Peace. I’ve had a lot of anger and hate in me for a long time. When I started gardening three years ago I found myself less angry. I still have anger and hate sometimes, but I’m a lot more calm, understanding and most of all patient. As long as I continue to utilize those rules I know I will find peace someday.
When asked, “What’s possible within our time together over the next six months and what’s worthy of our best effort?” Tybias responded:
Depending on everyone’s willingness to work together and have patience to not just teach but to learn from one another… In a perfect/ideal course the sky’s the limit. We potentially could better anyone that we come face to face with, which would better the world. My dad a while back was talking a lot about stocks and like many others in this rat race is trying so hard to get rich and so he asked me why I wasn’t trying to do that. I simply said it’s easier to learn how to live off of nothing than to try and reach for something impossible. I didn’t explain it much further but pretty much the area I come from is a very poor neighborhood and all they think about is money so that they can pay all their bills and have money for food. By learning permaculture and a more sustainable lifestyle, everyone might learn how to live off of nothing and maybe they wouldn’t crave money so much. People wouldn’t be breaking into my stepdad’s vehicle every other week just to go sell it to a junkyard or on Facebook Market for money. Maybe less people in my neighborhood would get held at gunpoint for whatever’s in their wallet. Maybe people would smile more instead of crying.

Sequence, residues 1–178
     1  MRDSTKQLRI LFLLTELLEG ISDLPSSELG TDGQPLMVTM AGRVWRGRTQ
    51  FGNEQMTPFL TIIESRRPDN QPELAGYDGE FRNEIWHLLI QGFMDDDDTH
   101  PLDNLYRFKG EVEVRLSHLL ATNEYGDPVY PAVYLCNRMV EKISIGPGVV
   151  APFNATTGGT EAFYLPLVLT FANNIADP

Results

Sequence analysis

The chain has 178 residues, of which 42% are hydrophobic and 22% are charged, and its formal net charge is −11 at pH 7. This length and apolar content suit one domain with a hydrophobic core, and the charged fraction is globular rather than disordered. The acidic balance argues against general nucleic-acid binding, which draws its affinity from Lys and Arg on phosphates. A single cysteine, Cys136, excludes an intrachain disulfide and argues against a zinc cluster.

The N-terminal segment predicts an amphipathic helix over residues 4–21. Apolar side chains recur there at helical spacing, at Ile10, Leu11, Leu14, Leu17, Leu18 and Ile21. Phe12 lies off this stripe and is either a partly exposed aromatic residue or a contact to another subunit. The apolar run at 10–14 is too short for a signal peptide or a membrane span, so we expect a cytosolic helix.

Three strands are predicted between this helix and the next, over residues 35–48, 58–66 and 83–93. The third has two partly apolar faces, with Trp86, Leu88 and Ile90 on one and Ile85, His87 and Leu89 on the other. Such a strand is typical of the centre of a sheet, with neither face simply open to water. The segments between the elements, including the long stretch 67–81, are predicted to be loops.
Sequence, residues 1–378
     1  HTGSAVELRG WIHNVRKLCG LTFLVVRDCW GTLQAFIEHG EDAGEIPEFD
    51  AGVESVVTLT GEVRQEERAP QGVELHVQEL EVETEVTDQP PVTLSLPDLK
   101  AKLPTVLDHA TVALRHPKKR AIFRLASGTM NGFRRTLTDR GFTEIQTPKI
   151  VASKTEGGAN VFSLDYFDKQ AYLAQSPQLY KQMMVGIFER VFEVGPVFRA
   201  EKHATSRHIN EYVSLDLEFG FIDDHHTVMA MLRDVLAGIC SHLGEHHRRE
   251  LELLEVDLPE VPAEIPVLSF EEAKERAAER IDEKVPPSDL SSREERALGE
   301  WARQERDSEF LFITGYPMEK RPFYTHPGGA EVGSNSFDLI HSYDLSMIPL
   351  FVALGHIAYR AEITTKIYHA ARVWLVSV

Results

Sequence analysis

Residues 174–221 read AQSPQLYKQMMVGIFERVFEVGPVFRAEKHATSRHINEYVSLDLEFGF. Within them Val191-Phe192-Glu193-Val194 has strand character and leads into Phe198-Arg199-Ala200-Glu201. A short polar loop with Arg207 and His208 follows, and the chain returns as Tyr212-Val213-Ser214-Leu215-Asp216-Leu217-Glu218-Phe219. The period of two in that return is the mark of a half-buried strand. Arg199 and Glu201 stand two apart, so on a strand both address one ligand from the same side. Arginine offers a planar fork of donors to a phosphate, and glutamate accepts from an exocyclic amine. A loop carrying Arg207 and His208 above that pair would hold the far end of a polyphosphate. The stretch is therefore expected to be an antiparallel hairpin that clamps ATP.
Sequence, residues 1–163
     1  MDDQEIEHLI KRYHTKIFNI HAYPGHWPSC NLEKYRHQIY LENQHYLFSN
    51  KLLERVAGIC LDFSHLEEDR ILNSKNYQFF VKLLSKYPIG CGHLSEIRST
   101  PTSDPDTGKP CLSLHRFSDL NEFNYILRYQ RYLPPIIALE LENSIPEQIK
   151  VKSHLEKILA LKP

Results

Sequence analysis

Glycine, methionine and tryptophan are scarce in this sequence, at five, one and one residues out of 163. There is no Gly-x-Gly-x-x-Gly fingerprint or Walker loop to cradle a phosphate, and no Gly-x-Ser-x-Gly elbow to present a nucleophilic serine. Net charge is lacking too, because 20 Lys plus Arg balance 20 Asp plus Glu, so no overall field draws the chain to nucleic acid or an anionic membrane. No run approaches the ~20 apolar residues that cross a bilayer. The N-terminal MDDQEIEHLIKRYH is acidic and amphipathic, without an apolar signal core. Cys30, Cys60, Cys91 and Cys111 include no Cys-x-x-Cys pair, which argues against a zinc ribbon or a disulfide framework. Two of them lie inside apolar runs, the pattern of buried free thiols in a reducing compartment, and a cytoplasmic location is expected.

I look forward to learning and growing within this community and getting to know Tybias, Kylie, Eric, Shawna, Chuck, Amanda, Colin, and everyone in our PDC16 cohort along with Dave, John, and other leaders over the next six months. As a mother who cares deeply about my childrens future and understands that it’s inherently connected to the future of all children and all life on this planet, I’m hoping we’ll continue to cultivate communal wisdom like the insights people shared for this blog post as we learn to nurture and regenerate our local ecosystems while growing our collective consciousness in these transformational times.